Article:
Internet Advocacy

The internet is a darn-tooting special place. Maybe not stumbled-upon-mini-meadow-in-the-woods-with-sun-beams-and-babbling-stream special, but a place where anything can happen, and more importantly anyone can be the cause of the happening.

So, this idea of dividing it up into fast and slow and privileged and poor and pay more or save more options pisses me off. The one lovely thing about this situation and the internet is that it’s our space. We can have a say, and an impact. It’s happened before that big bad plans were stopped via the advocacy of voices coming together, with leadership from organizations. It’s happened in Canada, it has happened in the US before.

But of course that’s never the end, is it? So, until there’s some sort of charter of rights of the internet adding one’s name to a petition can be required. That’s what I did, and if you like, you can do so as well. is, from all I’ve seen, a good organization that keeps users interest at heart. For years they’ve fought for better service in Canada, for privacy, for rights online.

Here’s an article explaining what’s going on now in the US, and how it may impact you regardless of where you live. So, check it out if you like πŸ™‚



In other news: I’m off to the Canadian Authors Association this evening to give a talk with my Podcast co-host, Kevin. BAH! Nerves are inevitable. After I make lunch today, I’ll go back to practising that talk. The theme: Why Talk About Writing?

And just to reinforce how useful this topic is, I ran into a fellow writer yesterday evening while at a networking wine thing (Cranberry juice & water for me. Wine is wasted on my palette), and we talked and talked and talked about writing.

Therefore, it gives me confidence today. Writing is seen as a lonely profession. Maybe that’s because so many writers are shy, or introverted, or don’t feel like admitting what they do? But I’ve noticed that the more I say, “I’m a writer” the more writers I meet. And it actually doesn’t feel at all like a lonely profession.

Anyhow! Onward to make lunch!

Article once more:

Have a lovely day,



8 thoughts on “Internet Advocacy

  1. You guys were great! We really enjoyed your talk and your enthusiasm (both you and Kevin) is just so encouraging and contagious.

    I didn’t get up to talk but I wanted to say that the reason I love to talk about writing (and I do!) is that it legitimizes it, as a profession, for me. I used to be “just a dabbler” and “just a blogger” and it was something I had to look at the floor and mumble about when admitting it publicly. Meeting other authors and talking about what we do has made me feel like I’m not just someone with a hobby, but rather, someone with a job, a goal, a life plan, a project. It’s made me feel like I can hold my head up high and say, “I’m a writer,” and not feel like a total poseur.

    Blog Out Loud has a lot of the same meaning to me. I absolutely know that a single blog post can be a work of beauty, a true testament to the fact that someone is a Writer with a capital W. Hosting the event lets me show the world the amazing range of writers out there, and that writing can come in all sorts of different forms and formats. Reading out loud to an audience is one more way to legitmize what we’re doing here – to make everyone see that we really mean it when we say we’re into this writing thing. πŸ™‚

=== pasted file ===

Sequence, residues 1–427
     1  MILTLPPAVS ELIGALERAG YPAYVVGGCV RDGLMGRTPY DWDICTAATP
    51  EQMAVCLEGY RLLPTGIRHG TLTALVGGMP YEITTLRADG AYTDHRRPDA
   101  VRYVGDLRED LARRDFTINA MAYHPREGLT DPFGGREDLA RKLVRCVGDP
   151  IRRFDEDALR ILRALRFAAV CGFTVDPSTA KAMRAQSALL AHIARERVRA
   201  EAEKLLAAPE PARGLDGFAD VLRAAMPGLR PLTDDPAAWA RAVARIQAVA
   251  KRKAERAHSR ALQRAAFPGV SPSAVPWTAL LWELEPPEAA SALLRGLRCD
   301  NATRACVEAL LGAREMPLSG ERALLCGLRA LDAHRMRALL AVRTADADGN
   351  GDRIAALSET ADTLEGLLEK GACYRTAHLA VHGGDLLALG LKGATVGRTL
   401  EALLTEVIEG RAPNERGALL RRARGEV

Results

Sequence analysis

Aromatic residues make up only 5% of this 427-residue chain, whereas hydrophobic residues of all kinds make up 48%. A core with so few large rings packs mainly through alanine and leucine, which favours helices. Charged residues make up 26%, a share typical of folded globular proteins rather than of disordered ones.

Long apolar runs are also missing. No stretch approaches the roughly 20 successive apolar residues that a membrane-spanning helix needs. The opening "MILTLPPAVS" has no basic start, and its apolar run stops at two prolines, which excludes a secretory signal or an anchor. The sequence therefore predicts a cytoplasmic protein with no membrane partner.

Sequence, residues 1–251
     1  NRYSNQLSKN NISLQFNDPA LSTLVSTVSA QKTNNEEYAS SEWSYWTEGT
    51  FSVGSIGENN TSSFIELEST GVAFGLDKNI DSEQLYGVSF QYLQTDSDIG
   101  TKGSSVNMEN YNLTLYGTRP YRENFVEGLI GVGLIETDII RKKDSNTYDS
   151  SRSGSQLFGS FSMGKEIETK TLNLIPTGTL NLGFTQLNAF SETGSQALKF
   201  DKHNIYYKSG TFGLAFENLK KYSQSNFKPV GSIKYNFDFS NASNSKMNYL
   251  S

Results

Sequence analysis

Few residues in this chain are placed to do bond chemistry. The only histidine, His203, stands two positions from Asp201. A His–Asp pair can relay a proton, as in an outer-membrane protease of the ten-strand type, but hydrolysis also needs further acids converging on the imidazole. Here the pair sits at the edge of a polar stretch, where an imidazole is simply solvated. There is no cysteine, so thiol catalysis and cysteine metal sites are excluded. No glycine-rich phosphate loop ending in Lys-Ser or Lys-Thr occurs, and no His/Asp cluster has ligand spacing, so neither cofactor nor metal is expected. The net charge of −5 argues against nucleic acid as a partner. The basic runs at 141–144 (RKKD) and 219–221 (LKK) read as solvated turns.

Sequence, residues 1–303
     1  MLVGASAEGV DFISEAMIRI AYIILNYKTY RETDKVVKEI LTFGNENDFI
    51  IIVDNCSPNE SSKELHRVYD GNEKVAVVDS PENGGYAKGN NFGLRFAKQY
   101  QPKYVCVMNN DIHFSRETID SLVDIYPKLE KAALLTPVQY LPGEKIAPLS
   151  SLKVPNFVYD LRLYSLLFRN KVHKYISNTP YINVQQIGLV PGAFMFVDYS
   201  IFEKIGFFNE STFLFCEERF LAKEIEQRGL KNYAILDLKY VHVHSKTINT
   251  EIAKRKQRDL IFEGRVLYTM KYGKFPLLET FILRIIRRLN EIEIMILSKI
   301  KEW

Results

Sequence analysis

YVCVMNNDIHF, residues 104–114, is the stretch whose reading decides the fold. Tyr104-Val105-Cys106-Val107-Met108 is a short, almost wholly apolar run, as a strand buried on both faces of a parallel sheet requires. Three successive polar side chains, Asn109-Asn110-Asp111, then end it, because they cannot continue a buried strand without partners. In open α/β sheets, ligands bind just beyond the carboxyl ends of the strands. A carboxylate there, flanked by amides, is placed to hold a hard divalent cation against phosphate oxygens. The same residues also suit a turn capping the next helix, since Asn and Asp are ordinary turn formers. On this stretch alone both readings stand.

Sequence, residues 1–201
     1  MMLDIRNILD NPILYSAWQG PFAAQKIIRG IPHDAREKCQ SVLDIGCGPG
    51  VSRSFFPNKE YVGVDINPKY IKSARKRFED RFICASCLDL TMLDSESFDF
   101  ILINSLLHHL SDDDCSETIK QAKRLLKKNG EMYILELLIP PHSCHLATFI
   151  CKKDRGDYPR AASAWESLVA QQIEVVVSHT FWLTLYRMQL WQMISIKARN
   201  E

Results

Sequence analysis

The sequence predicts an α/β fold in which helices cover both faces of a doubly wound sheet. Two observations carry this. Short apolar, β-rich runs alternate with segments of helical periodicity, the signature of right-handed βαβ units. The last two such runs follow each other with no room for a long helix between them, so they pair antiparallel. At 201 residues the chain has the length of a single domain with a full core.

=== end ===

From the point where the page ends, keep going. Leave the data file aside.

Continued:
• YES I feel so much the same way, Lynn. And Blog Out Loud really does just that – the blog posts were so beautiful and honestly quite raw this past season.

      That word “just” is a tricky one, I reckon. I’m glad you’ve chucked it aside. And thank you for sharing your “Why talk about writing” story with me. I was really quite curious to hear what you had to say.

      You want a sticker? πŸ™‚ I can mail one to you if you like. They come in yellow, red, blue and green.

      • Hee! I totally want a sticker! You can hang on to it until next time I see you, though. I plan on following you and Kevin around like a groupie to all your public appearances.

        Speaking of which, I actually heard about the talk from Lee Ann, who is a CAA member – I didn’t see this blog post of yours until this morning. So next time you’ll be speaking somewhere, I’d love some more advance warning so I don’t miss it.

  2. Thanks for telling us about this “Internet Slowdown” proposal. As a customer who uses the Internet, this does upset me. But I also think about the businesses (mainly the small ones) who use the Internet to generate revenue or conduct business. If their websites are slowed down, they would lose clients to other businesses which have faster websites; or clients who can’t or won’t want to pay for faster service may decide not to make their purchases, appointments, long-distance training or other business over the Internet.

    In this period of fragile, global economic revival, I say “What were they thinking?”

    P.S. I’m wondering if the Canada Revenue Agency won’t mind me delaying the payment of my taxes because my or their Internet service is too slow.

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